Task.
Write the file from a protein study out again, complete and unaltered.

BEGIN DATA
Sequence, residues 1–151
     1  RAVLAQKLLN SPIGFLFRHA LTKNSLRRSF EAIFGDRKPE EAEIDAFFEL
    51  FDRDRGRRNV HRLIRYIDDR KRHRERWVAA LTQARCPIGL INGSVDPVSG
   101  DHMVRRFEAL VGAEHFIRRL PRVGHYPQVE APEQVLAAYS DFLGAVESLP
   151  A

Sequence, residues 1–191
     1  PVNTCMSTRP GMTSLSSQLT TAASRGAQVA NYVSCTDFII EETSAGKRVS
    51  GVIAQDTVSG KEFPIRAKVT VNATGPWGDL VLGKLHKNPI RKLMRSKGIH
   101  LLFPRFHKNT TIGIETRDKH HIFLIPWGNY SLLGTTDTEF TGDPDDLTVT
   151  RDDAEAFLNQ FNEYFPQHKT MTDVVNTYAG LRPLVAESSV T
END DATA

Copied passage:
Sequence, residues 1–151
     1  RAVLAQKLLN SPIGFLFRHA LTKNSLRRSF EAIFGDRKPE EAEIDAFFEL
    51  FDRDRGRRNV HRLIRYIDDR KRHRERWVAA LTQARCPIGL INGSVDPVSG
   101  DHMVRRFEAL VGAEHFIRRL PRVGHYPQVE APEQVLAAYS DFLGAVESLP
   151  A

Sequence, residues 1–191
     1  PVNTCMSTRP GMTSLSSQLT TAASRGAQVA NYVSCTDFII EETSAGKRVS
    51  GVIAQDTVSG KEFPIRAKVT VNATGPWGDL VLGKLHKNPI RKLMRSKGIH
   101  LLFPRFHKNT TIGIETRDKH HIFLIPWGNY SLLGTTDTEF TGDPDDLTVT
   151  RDDAEAFLNQ FNEYFPQHKT MTDVVNTYAG LRPLVAESSV T